Top NASCAR stories of 2014: No. 10 – Kurt Busch and “The Double”

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source: AP
Kurt Busch starred in his IndyCar debut at the Indy 500, part of his bid to do the Double. Photo: AP.

MotorSportsTalk will be counting down the top 20 stories of the 2014 NASCAR season over the month of December.

Here’s what we’ve done so far:

Today, we’re at No. 10 – Kurt Busch’s bid to accomplish one of racing’s greatest feats…

Kurt Busch wanted a challenge. And in American motorsport, there’s one challenge that stands out from all the rest.

Running the Indianapolis 500 and NASCAR’s Coca-Cola 600 in the same day is a test of strength, endurance, and logistics for everyone involved – not just the driver, but also their teams, their sponsors, and their families.

But it’s the driver that has perhaps the most grueling task: 500 miles at Indy, the most famous oval on Earth, followed by 600 miles at Charlotte in NASCAR’s longest race.

Before Busch chose to do “The Double,” the feat had not been attempted since 2004. And only one driver had been able to complete all 1,100 miles of it: Busch’s NASCAR boss/teammate, Tony Stewart, who finished sixth at Indy and then third at Charlotte in 2001.

Stewart’s distinction would remain only his at the end of Busch’s attempt to finish the full Double. On Lap 274 of 400 at Charlotte, the engine on Busch’s No. 41 Stewart-Haas Racing Chevrolet gave up the ghost. He had run 906 miles of the 1,100 he was shooting for.

But while Busch’s Double ended abruptly, the world had discovered just how special a talent he is behind the wheel.

Making a debut in an IndyCar can be tough enough, but Busch did it in the “500,” the world’s biggest race. And he did it in a backup car after he had crashed his primary Andretti Autosport Honda during practice that week.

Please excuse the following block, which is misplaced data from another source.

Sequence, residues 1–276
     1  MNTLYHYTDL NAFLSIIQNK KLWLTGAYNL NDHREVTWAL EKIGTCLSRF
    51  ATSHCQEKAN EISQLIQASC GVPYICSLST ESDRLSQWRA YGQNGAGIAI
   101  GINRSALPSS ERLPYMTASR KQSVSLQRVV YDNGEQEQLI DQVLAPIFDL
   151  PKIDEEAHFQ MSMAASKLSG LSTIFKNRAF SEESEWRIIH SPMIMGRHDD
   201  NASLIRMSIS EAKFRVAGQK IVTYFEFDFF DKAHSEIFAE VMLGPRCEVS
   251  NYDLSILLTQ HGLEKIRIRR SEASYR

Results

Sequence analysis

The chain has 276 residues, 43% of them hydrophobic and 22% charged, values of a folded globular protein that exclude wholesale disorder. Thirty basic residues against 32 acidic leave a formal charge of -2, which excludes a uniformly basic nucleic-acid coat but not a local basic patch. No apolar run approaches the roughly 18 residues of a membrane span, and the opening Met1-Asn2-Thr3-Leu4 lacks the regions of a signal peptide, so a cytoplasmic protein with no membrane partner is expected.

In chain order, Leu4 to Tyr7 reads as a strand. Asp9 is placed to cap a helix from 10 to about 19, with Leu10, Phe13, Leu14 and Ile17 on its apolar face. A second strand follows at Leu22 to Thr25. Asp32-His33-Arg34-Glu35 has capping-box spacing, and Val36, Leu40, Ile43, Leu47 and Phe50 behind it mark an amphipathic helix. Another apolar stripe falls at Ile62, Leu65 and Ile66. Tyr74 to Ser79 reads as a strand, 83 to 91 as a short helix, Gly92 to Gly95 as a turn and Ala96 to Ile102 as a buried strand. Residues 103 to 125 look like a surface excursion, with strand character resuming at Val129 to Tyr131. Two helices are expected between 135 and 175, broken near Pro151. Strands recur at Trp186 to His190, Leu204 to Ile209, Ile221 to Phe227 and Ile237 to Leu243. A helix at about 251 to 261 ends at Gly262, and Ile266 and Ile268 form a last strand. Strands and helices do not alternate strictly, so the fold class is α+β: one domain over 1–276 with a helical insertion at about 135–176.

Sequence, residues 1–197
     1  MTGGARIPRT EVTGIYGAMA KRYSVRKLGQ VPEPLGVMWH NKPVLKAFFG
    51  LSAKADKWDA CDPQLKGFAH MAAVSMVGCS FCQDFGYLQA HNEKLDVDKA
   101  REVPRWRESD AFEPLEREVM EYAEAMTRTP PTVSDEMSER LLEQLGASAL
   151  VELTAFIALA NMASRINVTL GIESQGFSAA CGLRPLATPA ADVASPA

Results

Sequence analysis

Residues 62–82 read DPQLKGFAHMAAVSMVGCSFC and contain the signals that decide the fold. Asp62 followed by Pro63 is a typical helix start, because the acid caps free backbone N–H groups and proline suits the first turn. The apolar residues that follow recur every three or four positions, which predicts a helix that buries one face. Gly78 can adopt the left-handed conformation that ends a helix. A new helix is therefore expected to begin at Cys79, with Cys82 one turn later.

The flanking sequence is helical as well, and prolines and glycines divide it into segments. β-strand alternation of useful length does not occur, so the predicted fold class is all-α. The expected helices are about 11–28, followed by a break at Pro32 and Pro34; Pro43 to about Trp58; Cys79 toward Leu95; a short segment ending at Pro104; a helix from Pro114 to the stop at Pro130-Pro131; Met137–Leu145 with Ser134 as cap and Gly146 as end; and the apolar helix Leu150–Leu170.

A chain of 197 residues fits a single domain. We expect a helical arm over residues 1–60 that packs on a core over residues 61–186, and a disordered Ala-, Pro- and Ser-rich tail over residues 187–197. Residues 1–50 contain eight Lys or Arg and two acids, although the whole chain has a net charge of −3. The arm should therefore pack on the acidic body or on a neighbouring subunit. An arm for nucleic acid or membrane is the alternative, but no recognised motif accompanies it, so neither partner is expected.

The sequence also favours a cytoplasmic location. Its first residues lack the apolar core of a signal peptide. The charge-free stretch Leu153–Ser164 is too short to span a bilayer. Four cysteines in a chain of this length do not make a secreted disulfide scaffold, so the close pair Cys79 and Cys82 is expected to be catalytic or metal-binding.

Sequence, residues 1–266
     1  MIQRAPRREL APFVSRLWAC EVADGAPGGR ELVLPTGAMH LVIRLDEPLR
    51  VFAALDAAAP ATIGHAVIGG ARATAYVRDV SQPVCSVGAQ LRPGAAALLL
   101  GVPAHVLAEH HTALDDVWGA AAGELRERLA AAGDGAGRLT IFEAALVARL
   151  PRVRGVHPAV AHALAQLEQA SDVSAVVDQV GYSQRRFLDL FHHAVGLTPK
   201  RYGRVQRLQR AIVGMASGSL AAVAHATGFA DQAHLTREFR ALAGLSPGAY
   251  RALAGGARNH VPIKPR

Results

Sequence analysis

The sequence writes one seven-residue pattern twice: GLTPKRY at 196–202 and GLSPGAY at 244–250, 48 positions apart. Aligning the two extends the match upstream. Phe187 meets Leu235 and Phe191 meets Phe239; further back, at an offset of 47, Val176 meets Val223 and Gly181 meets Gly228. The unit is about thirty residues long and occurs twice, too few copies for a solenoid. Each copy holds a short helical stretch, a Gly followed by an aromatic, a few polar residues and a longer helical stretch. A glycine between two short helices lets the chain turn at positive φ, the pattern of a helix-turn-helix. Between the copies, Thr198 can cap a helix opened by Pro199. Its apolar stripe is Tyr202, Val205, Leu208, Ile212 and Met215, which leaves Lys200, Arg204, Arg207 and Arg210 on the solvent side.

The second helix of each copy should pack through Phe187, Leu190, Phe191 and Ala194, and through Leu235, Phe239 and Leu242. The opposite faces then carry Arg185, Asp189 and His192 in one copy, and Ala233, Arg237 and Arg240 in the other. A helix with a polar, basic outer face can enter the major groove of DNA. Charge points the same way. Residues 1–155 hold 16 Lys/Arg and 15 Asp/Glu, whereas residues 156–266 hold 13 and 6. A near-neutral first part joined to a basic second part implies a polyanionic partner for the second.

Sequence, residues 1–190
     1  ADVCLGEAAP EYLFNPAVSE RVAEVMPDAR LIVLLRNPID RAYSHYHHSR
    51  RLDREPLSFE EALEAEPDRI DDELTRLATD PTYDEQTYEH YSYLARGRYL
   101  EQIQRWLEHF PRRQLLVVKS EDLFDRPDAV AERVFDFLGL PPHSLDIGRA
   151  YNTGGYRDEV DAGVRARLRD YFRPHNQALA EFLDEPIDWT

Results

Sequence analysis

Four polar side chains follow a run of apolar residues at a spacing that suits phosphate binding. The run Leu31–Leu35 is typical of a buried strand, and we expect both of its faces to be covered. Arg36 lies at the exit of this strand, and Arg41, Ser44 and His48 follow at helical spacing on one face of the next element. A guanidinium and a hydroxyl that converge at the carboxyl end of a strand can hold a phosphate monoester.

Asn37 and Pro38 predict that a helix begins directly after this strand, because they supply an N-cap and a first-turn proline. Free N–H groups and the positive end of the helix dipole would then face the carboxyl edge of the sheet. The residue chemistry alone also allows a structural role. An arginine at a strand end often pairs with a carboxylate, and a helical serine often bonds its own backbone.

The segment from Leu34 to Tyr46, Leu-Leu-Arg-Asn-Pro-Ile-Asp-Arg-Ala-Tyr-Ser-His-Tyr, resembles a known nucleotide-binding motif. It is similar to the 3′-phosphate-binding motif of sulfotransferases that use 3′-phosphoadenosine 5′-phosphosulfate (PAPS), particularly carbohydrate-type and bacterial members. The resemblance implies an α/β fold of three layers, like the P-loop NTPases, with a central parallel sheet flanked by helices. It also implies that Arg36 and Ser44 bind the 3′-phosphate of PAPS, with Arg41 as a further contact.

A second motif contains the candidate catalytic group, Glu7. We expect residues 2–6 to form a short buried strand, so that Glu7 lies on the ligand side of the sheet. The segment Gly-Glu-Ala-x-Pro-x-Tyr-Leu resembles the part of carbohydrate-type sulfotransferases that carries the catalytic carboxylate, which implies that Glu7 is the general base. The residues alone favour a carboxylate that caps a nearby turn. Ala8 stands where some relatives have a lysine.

Busch hung in there during the first half of the race, but began a methodical climb from mid-pack as the finish loomed larger. A string of late yellows gave him additional opportunities to gain more ground before he came home sixth in a steady performance that would earn him “500” Rookie of the Year honors.

Celebrations were brief as Busch was whisked away from the Brickyard to begin his journey to Charlotte. After going through bags of IV fluids and taking a nap, the Outlaw arrived for the “600” via helicopter.

source: Getty Images
Kurt Busch charged toward the front in Charlotte but was knocked out early due to an engine failure. Photo: Getty Images.

When he got out of the chopper, he was met with waves of applause from the NASCAR faithful for a job well done in Indiana. Busch started the “600” from the rear of the field due to missing the Sprint Cup driver’s meeting, but worked his way up into the Top 15 toward the halfway point.

But Busch’s progress would be halted. On Lap 225, Busch radioed the team and said the No. 41’s motor had dropped a cylinder. A second cylinder went too, and it was only a matter of time before the whole thing would go as well.

While disappointed with the Charlotte outcome, Busch still regarded the “Double” experience as one that he’ll always cherish.

“To feel the stock car right after driving the Indy car was a day I’ll never forget,” he said. “I can’t let the mood here with the car dampen what happened up at Indy today. That was very special.

“It takes a big team – it takes a team everywhere. Andretti Autosport gave me a Top-5 car to try and win the “500” with, and these Stewart-Haas guys gave me a good car tonight. The motor just went, sometimes that happens.

“All in all, I gave it my all. I tried hard. I had a lot of people helping me out. I want to say thanks to Gene Haas, Tony Stewart, Michael Andretti and this whole group. Everyone worked hard on this on both sides.”

Cadillac, Acura battle for top speed as cars back on track for Rolex 24 at Daytona practice

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DAYTONA BEACH, Fla. – The new hybrid prototypes of Cadillac and Acura battled atop the speed chart as practice resumed Thursday for the Rolex 24 at Daytona.